The Bills' guy led me through the locker room, which looked like every other locker room I'd ever been in except that it didn't have lockers with doors on them. Instead, the players had stalls, open to everyone, most of them empty. A few, including Doug Flutie's, had some shoes in them, or some other gear that I assumed had been left behind. Overall, though, the effect was less than impressive, and the impression I was left with was This is just like a high school locker room, really, which would have seemed disappointing except that at the time, I hadn't known what to expect, at all, so there were no expectations to crash. Looking back now is when I can see that it should have been disappointing: The locker room didn't look professional or glamorous or glitzy at all. It just looked like a locker room, and from this perspective later, I can see that I should have been let down, but I wasn't.

Instead, I was excited to be standing where all those Buffalo Bills I'd been watching on TV for so long had stood, had changed, had put on their shoulder pads and geared up to play football and go to the playoffs and get into those Super Bowls, standing where they'd consoled each other after Wide Right and the blowouts and the almost-wins, where they'd gathered to end up the season after each of the losses in the Super Bowls.

Standing in front of Doug Flutie's locker! I handed my camera to the guy showing me around and asked him to take a picture, as he'd done for Sweetie and I in the end zone out on the field. Then I had to struggle with how to stand, a question that arises anytime I'm in a picture. What's the best pose for this picture? Awkward and upright and arms hanging limply, like I'd done when I got my picture taken with Justice Scalia? Hands on my waist, arms akimbo, and brash?

I never know how to stand, not just in pictures, but anytime I have to stand, period. Standing is not something we instinctively know how to do, after all. That is, we know how to stand, but we stand unconsciously, unselfconsciously, just going ahead and standing up without thinking about it. But once we do think about it, standing becomes a task, and an awkward one at that. Think about it right now, as you sit reading this: think about standing, and it'll seem tiring and uneasy to you. I bet the first thing you thought of is my feet would get tired, and they would, because standing makes our feet tired, but we don't think about how tired our feet are until we begin thinking about standing. So it's actually thinking about standing that makes our feet tired.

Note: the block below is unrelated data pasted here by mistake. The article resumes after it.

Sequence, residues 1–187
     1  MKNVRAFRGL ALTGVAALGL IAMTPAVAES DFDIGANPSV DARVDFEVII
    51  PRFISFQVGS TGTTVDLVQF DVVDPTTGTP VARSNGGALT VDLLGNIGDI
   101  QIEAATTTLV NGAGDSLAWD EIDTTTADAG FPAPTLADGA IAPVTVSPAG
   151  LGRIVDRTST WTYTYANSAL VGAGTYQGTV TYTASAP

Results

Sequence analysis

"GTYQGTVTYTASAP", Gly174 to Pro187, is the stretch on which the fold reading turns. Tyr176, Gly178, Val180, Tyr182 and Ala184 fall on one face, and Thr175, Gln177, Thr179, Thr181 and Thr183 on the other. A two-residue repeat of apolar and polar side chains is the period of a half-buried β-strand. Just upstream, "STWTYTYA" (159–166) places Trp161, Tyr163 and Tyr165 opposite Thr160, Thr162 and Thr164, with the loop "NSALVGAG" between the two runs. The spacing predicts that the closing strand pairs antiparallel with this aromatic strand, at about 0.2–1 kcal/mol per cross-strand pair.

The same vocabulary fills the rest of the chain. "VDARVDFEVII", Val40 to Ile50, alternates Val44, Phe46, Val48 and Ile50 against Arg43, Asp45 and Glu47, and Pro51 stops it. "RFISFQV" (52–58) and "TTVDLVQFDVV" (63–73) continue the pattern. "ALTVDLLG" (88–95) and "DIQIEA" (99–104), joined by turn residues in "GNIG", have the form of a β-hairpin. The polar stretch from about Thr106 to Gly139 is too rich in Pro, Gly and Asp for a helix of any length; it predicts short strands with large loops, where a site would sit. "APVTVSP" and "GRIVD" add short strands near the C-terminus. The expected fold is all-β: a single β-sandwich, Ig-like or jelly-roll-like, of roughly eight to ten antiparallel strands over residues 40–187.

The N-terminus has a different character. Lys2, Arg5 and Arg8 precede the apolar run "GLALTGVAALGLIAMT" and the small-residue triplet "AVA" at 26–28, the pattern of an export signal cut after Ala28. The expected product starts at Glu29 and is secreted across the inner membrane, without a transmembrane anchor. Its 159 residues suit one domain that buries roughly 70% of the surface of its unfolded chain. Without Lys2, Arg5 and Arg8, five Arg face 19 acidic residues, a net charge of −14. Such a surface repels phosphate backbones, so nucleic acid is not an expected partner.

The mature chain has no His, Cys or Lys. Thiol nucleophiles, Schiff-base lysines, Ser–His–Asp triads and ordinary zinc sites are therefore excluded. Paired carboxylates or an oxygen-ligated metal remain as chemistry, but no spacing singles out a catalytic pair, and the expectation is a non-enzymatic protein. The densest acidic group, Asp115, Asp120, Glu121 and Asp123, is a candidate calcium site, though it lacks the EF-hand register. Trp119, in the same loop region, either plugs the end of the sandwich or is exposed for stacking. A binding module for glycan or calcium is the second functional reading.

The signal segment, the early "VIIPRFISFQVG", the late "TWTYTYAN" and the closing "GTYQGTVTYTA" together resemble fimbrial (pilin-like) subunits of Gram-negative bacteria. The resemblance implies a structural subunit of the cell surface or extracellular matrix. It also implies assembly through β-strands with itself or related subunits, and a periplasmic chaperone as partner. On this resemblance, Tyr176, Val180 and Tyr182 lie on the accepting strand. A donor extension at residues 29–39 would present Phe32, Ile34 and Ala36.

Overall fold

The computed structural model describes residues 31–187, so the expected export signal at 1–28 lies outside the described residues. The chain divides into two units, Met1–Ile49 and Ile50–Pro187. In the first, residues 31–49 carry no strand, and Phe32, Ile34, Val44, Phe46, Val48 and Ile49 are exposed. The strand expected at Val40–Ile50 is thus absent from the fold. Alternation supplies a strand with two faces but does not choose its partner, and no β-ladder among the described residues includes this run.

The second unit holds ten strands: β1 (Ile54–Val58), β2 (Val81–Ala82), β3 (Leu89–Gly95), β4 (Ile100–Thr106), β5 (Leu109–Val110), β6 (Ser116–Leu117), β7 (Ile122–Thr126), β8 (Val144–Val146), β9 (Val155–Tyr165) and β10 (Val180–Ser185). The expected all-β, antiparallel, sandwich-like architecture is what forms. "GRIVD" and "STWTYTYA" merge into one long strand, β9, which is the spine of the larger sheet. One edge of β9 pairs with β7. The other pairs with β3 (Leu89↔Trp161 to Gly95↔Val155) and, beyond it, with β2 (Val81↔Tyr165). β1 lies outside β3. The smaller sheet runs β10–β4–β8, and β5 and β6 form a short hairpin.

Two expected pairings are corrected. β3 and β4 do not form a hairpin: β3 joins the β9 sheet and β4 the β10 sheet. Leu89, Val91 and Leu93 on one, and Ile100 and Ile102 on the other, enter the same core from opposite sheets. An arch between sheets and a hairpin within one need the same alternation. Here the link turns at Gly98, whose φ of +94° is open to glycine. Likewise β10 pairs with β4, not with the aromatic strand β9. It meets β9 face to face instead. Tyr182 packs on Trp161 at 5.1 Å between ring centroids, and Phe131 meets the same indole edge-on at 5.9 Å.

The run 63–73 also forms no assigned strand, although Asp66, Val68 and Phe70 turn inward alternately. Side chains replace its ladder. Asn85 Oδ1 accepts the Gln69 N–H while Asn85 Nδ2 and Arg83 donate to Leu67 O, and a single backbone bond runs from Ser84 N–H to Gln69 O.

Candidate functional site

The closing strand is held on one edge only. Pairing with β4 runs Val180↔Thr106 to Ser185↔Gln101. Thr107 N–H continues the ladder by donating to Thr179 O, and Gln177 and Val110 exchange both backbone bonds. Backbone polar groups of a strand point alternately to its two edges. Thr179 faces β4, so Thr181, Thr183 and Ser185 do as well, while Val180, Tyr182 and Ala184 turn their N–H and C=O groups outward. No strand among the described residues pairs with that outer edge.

And then think about where you'd be standing, hypothetically, and how you'd stand, and, if you're like me, suddenly you won't know what to do with all your limbs and your head and your posture. Lean against something? Look directly at people? Shift from foot to foot to keep your feet from getting too tired? Slouch? And what, for god's sake, do I do with my hands? I never know what to do, with those thoughts going through my head. Standing in line, for rides or the bank or the grocery store, causes me the same dilemma. Standing and waiting for anything poses those problems. Which is one reason why I'm lucky that my bank now has a TV behind the teller, so that I'm distracted during my wait -- not distracted from my boredom, but distracted from my thoughts of how to stand in line without seeming awkward, thinking all the while Where do I look? Should I chat with others?

I ran through all those options as I stood in front of Flutie's Locker, and ultimately chose as my pose a casual leaning up against the locker wall, one hand on my hip, the other holding me up on the wall of the locker. I'm wearing a gray sweatshirt -- a Parkersburg, West Virginia sweatshirt that I still have -- and my jeans and a goofy look on my face, the kind of look that says I don't know how to stand in front of Doug Flutie's locker but I'm very glad to be here in the presence of a locker Doug Flutie has also stood in front of.

And then, as so many things do in life, it ended, anticlimactically, with the picture being snapped, me walking back out of the locker room, meeting up with Sweetie again, and continuing our honeymoon, leaving as the two records of that moment only my memory and the picture.

We went from that unexpected highlight -- a weary, bleary trip to the Bills' stadium as a sideline to the rest of our day suddenly turning into a tour of the stadium and a photo-op -- on with the remainder of our day, which was uneventful but fun. We drove from the stadium back to Buffalo proper, and located a mall where Sweetie wanted to stop off and do some shopping. She wanted to look for some souvenirs for the kids, and maybe do some shopping herself. On vacations, I'd learn over time, Sweetie's preferred method of shopping is to browse malls and stores. She likes to shop on vacation, and I suspect that she likes to shop when not on vacation, too, but doesn't shop as often as she would like to out of financial concerns. I am of the opinion that Sweetie could shop more but doesn't, so that she can be fiscally responsible. On vacation, Sweetie cuts loose -- just a little-- and shops more, doing so (I believe) for the same reason that I eat even worse, nutritionally-speaking, on vacation: because that's the time to do it.